> > Google is surprisingly > > silent about that. There are some attempts to bulid a bridgeless PFC, > > but they still have the high-voltage electrolytic capacitor in the middle > > and in most cases they do not address the inrush current issues > > at all, as the PFC is a more or less typical buck, i.e. a series > > connection of L->D->C. The lack of this storage capacitor together > > with a reasonable phase factor would either require another storage > > technology (a bulky inductor) or high output ripple tolerance. But > > we were used to the latter, any iron core trafo-based PSU had to > > contain a big output capacitor bank and sometimes a choke. > > > > I understand all this, if the directly AC-fed topologies were a niche, > > I wouldn't ask this question. But they are not even a fringe and I find > > this mysterious. So what's wrong with basically chopped sines? > > > > Best regards, Piotr > > > >
> For why? > > If you want to make a switching buck equivalent of a VARIAC, you can. You > need two bidirectional switches, driven with isolated gate drivers, in > synchronous buck mode, plus filtering. The filtering is tricky because it > will consume VARs at line frequency; you can't have a zero-current off state > like you can at DC. > > In that case, the output is AC, in phase with the input. > > A single phase PFC isn't supplied with continuous power, but delivers DC. > The input dips to zero periodically. A capacitor is required. That's > obvious enough, but it was a point of confusion among a lot of participants > in the Google Little Box challenge (which, it turned out, was about half > inverter and half ripple management).
Actually that's not the case. I've encountered numerous lighting SMPSUs that use no reservoir cap. Some output a hf modulated sine wave, some output dc with bits chopped out at each crossover. Good for batery chargers too. In principle one could even run a micro like that for some cost cutting apps, with it going to sleep during each chopped-out bit of power. NT
On 02/09/2018 08:48, Piotr Wyderski wrote:
> Why there seem to be no AC-fed SMPS topologies? Google is surprisingly > silent about that. There are some attempts to bulid a bridgeless PFC, > but they still have the high-voltage electrolytic capacitor in the > middle and in most cases they do not address the inrush current issues > at all, as the PFC is a more or less typical buck, i.e. a series > connection of L->D->C. The lack of this storage capacitor together > with a reasonable phase factor would either require another storage > technology (a bulky inductor) or high output ripple tolerance. But > we were used to the latter, any iron core trafo-based PSU had to > contain a big output capacitor bank and sometimes a choke. > > I understand all this, if the directly AC-fed topologies were a niche, > I wouldn't ask this question. But they are not even a fringe and I find > this mysterious. So what's wrong with basically chopped sines? > > Best regards, Piotr > >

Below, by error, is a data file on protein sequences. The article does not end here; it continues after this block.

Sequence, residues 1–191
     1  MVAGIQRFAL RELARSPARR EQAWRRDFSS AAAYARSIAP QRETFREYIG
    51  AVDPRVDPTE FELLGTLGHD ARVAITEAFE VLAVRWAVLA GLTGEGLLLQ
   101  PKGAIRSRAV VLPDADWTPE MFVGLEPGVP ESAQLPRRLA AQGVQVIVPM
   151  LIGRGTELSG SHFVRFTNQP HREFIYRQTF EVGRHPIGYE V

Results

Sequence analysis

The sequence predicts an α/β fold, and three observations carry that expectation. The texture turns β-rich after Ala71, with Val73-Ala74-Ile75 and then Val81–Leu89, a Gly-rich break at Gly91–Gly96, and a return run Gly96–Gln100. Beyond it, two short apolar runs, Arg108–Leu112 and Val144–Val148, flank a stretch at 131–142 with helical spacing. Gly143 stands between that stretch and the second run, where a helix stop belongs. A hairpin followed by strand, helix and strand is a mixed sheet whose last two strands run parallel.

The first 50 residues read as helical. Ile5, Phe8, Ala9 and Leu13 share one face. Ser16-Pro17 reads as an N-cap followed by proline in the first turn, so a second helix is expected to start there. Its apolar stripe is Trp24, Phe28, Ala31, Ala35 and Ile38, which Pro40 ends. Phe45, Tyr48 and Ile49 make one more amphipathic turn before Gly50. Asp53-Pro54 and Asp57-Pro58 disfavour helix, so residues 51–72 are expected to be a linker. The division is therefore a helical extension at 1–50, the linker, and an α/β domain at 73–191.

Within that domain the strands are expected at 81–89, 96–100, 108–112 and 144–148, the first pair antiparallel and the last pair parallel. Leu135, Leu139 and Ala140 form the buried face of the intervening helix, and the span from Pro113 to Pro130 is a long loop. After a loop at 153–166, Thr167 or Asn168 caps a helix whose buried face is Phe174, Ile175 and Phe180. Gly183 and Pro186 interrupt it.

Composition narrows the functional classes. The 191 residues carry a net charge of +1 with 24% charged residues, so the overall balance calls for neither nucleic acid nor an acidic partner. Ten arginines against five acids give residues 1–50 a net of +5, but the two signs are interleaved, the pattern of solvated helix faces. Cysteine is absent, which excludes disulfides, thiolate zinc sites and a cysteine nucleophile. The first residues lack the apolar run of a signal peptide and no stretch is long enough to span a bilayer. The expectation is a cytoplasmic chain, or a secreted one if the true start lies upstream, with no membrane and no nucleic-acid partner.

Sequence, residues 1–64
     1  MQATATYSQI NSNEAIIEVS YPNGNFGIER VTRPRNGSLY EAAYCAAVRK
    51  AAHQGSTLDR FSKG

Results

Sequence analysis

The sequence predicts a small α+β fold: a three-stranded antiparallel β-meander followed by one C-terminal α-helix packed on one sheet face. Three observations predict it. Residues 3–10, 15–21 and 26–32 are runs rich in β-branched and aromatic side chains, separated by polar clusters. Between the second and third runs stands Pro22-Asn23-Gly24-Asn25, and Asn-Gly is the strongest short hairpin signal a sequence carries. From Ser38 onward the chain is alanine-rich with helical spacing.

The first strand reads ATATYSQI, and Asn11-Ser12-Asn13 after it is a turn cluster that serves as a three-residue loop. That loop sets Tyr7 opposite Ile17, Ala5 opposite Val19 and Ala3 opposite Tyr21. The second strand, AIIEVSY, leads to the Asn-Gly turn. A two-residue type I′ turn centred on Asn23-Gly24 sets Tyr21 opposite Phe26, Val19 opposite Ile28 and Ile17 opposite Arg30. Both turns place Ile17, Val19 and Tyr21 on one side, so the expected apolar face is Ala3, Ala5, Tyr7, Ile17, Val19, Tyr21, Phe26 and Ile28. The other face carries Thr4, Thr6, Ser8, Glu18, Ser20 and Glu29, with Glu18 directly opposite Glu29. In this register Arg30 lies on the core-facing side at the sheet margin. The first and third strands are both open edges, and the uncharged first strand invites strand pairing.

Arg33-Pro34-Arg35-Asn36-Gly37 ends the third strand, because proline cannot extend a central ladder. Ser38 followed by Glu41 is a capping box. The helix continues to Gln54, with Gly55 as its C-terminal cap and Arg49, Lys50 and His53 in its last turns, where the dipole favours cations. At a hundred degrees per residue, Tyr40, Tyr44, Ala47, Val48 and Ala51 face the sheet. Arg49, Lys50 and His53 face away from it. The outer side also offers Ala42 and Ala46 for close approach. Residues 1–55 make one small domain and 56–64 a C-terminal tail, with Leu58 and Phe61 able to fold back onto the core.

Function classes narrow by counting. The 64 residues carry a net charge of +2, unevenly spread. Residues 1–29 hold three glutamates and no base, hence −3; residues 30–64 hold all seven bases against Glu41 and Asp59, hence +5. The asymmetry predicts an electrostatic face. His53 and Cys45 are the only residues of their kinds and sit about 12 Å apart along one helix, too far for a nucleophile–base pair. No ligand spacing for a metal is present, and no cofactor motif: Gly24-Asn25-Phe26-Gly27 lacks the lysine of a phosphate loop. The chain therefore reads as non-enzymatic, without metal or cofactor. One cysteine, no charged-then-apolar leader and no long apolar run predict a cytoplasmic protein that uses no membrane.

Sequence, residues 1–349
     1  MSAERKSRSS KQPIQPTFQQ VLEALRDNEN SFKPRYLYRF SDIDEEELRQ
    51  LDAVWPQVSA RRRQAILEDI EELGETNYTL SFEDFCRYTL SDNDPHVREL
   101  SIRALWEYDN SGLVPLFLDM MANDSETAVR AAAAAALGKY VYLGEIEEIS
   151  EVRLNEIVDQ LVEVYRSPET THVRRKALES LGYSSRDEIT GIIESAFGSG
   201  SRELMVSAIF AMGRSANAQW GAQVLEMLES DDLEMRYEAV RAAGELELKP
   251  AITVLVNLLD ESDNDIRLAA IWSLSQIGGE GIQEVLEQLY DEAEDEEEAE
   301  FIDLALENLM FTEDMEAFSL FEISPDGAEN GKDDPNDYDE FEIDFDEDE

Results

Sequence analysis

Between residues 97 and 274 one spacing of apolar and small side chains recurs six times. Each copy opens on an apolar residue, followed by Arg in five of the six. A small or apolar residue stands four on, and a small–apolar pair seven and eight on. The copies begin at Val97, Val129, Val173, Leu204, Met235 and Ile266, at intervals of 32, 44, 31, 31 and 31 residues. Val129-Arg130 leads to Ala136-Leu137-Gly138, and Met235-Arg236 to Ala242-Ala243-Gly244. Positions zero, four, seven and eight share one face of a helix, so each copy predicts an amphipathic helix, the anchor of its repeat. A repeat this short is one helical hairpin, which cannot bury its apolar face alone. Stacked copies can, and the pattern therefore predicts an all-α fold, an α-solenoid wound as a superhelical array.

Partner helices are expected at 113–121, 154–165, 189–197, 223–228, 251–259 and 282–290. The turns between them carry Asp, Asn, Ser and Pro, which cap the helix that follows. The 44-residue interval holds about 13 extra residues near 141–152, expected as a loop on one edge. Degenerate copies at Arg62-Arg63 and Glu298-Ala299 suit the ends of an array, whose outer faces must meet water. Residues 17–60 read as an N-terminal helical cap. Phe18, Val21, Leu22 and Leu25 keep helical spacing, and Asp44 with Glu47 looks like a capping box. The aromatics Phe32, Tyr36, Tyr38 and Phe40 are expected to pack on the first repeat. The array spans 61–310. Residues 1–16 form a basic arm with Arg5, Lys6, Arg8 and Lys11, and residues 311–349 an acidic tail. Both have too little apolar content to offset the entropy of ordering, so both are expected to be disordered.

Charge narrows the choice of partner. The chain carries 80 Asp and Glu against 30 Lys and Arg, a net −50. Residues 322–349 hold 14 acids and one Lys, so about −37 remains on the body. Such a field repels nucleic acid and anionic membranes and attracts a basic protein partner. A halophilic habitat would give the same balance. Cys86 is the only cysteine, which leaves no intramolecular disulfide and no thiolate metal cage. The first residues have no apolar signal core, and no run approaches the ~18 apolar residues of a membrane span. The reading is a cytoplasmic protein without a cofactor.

The latest generation of "pure sine" stage lighting dimmers are basically just that: a synchronous buck convertor where both switch and "catch diode" are implemented by series back to back FETs. Effectively a Variac, input and output at 50/60Hz but internally at 40kHz+ piglet
<tabbypurr@gmail.com> wrote in message 
news:4590480b-6c60-4381-be1e-28fae4210e30@googlegroups.com...
>> A single phase PFC isn't supplied with continuous power, but >> delivers DC.
^ ^ ^ ^ ^ ^
>Actually that's not the case. I've encountered numerous lighting SMPSUs >that use no reservoir cap. Some output a hf modulated sine wave, some >output dc with bits chopped out at each crossover. Good for batery chargers >too. In principle one could even run a micro like that for some cost >cutting apps, with it going to sleep during each chopped-out bit of power. >
Those don't deliver (continuous, stable) DC... Tim -- Seven Transistor Labs, LLC Electrical Engineering Consultation and Design Website: https://www.seventransistorlabs.com/
Tim Williams wrote:

> For why?
Robustness + higher efficiency as a side effect. The bridge itself can waste considerable amount of power, 2-5W in the mid power range. You don't have the inrush current/charging spikes related problems either. It is also cos(phi)=~1 at no cost. So the input stage is far superior to a traditional switcher. The "only" problem is what to do with the chopped sine afterwards.
> If you want to make a switching buck equivalent of a VARIAC, you can. > You need two bidirectional switches, driven with isolated gate drivers, > in synchronous buck mode, plus filtering.
Complexity comparable to, say, a 2T synchronous isolated forward. And now you have GaN parts without the body diode, which, in fact, is the reason I asked this question.
> In that case, the output is AC, in phase with the input.